New, lighter batteries are under development for soldiers now, in-house, at the Army Research Laboratory.
Chemists at the lab do materials research on lithium ion batteries and other advanced battery chemistry in an effort to support the warfighter.
“We help to develop new battery materials that are lighter and last longer for the soldier, so he doesn’t have to carry so many batteries,” said Cynthia Lundgren, a chemist and Chief of the Electrochemistry Branch of the Power and Energy Division in the Sensors and Electron Devices Directorate.
Army chemist, Jan Allen, demonstrates how to build a “button cell,” the type of battery used in a watch, at the Army Research Laboratory. (Photo by Gary Sheftick/Released)
To create a better battery, Lundgren and her team experiment with small “button cells,” such as what one might find in a watch. A cell consists of two electrodes: an anode, which is the side marked with a “minus” sign; and a metal oxide or phosphate cathode, which bears the plus sign.
Between these two electrodes is a liquid electrolyte soaked separator that facilitates the transfer of lithium ions to transfer charge. One or more of these cells is used to construct a battery pack.
The team tinkers with the different materials that make up both the cathode and the anode. They also tinker with the chemistry of the electrolyte of the battery. Lundgren said that one way to make a battery lighter is to use electrodes that increase its cell voltage.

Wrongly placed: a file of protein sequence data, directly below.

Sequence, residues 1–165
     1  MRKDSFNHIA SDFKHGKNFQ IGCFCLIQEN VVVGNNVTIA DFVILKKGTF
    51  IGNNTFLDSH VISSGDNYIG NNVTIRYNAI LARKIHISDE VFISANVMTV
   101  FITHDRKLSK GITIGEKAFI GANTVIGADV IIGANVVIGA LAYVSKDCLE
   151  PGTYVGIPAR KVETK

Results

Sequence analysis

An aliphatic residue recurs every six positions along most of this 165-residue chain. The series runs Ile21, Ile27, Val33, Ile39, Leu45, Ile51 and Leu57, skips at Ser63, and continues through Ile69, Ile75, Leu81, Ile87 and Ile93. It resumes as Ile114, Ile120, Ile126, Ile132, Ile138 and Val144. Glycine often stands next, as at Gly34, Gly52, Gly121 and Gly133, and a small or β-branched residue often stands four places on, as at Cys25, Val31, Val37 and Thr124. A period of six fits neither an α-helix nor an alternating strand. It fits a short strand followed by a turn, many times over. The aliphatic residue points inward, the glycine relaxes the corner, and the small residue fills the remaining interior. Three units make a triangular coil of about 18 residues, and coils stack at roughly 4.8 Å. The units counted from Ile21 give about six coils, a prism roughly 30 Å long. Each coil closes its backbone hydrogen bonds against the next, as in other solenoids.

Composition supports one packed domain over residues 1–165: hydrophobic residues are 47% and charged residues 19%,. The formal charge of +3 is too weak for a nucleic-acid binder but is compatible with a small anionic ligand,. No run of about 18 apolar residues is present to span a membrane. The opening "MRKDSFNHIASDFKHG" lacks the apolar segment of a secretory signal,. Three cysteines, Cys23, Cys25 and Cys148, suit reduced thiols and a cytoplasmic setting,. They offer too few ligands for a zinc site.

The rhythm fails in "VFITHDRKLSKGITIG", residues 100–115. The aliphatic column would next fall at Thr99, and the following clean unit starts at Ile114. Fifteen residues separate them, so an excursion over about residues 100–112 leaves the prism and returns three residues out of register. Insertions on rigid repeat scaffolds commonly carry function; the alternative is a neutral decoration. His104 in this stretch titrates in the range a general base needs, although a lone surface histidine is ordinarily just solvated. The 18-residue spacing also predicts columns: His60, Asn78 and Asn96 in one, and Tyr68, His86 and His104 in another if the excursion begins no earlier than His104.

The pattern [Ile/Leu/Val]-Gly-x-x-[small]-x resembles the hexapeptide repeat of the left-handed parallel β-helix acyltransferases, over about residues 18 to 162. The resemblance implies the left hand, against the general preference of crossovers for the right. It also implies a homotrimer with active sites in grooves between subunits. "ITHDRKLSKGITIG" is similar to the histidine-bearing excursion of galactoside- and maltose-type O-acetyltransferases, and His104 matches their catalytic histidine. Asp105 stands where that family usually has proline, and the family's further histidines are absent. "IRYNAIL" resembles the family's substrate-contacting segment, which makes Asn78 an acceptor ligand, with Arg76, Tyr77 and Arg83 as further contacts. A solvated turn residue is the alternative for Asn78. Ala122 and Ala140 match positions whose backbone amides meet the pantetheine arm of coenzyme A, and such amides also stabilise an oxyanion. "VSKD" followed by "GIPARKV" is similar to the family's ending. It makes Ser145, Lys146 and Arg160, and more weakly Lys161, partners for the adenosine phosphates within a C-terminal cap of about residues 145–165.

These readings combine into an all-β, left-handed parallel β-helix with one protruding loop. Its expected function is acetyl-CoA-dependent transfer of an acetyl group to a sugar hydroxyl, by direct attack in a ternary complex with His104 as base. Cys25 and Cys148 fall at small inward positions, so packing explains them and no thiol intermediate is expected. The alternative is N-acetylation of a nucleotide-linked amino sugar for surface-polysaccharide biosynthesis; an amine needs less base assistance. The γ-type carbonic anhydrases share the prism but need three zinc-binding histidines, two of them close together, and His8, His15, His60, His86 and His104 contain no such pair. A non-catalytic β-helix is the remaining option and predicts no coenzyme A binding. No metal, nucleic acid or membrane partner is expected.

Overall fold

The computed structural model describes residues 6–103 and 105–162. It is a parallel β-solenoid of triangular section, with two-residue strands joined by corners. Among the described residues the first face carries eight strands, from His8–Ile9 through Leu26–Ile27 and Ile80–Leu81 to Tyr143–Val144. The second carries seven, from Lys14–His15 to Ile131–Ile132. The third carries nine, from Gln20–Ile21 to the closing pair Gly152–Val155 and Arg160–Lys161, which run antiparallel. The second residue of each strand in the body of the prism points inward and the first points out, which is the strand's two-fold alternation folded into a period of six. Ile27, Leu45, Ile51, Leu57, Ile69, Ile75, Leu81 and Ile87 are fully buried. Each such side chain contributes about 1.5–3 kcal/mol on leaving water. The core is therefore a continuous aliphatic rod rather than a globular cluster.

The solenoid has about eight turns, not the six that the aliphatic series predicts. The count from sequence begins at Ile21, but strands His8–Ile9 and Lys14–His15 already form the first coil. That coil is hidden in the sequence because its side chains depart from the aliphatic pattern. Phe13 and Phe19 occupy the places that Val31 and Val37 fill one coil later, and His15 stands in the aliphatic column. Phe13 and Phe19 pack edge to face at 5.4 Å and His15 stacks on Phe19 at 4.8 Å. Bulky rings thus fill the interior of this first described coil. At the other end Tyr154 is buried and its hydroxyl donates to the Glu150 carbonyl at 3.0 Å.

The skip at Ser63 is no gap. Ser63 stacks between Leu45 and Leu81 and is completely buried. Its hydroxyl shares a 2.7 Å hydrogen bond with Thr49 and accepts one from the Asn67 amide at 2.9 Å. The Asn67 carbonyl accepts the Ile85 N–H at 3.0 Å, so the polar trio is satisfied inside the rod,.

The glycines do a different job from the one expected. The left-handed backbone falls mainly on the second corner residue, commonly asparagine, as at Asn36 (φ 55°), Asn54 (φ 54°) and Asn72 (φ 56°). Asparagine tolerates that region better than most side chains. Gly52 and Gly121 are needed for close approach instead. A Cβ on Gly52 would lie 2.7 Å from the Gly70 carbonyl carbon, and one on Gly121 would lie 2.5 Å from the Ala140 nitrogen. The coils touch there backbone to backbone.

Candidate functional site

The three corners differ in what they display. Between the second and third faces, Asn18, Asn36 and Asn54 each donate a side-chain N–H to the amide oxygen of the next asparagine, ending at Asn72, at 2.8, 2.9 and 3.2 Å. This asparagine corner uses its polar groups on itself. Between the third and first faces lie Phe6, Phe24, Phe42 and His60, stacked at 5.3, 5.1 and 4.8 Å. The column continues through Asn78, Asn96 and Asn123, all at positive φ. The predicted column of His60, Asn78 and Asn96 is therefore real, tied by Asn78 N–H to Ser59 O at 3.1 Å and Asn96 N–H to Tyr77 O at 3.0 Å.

“If we could raise the voltage of a single cell — energy density is a direct function of the voltage — we could make the battery lighter,” she said. “The problem is, as you go up in voltage, the electrode becomes much more energetic, and so it reacts with the electrolyte.”
The reaction of electrodes with the electrolyte is one of the key problems Lundgren and her team have proven successful at tackling.
Emily Wikner, an Army Research Laboratory intern (left), assists Army Research Laboratory scientist Arthur Cresce, in the Electrochemistry Branch. Cresce is the co-inventor of an electrolyte additive with the potential to increase lithium battery energy density by 30 percent. (Photo by Conrad Johnson, RDECOM Public Affairs/Released)
“The electrodes are very corrosive, and they react with the electrolytes,” said Von Cresce, a chemist at the lab. “So what ends up happening as you cycle the battery back and forth is that the electrolytes are degraded — For more information read the original article here.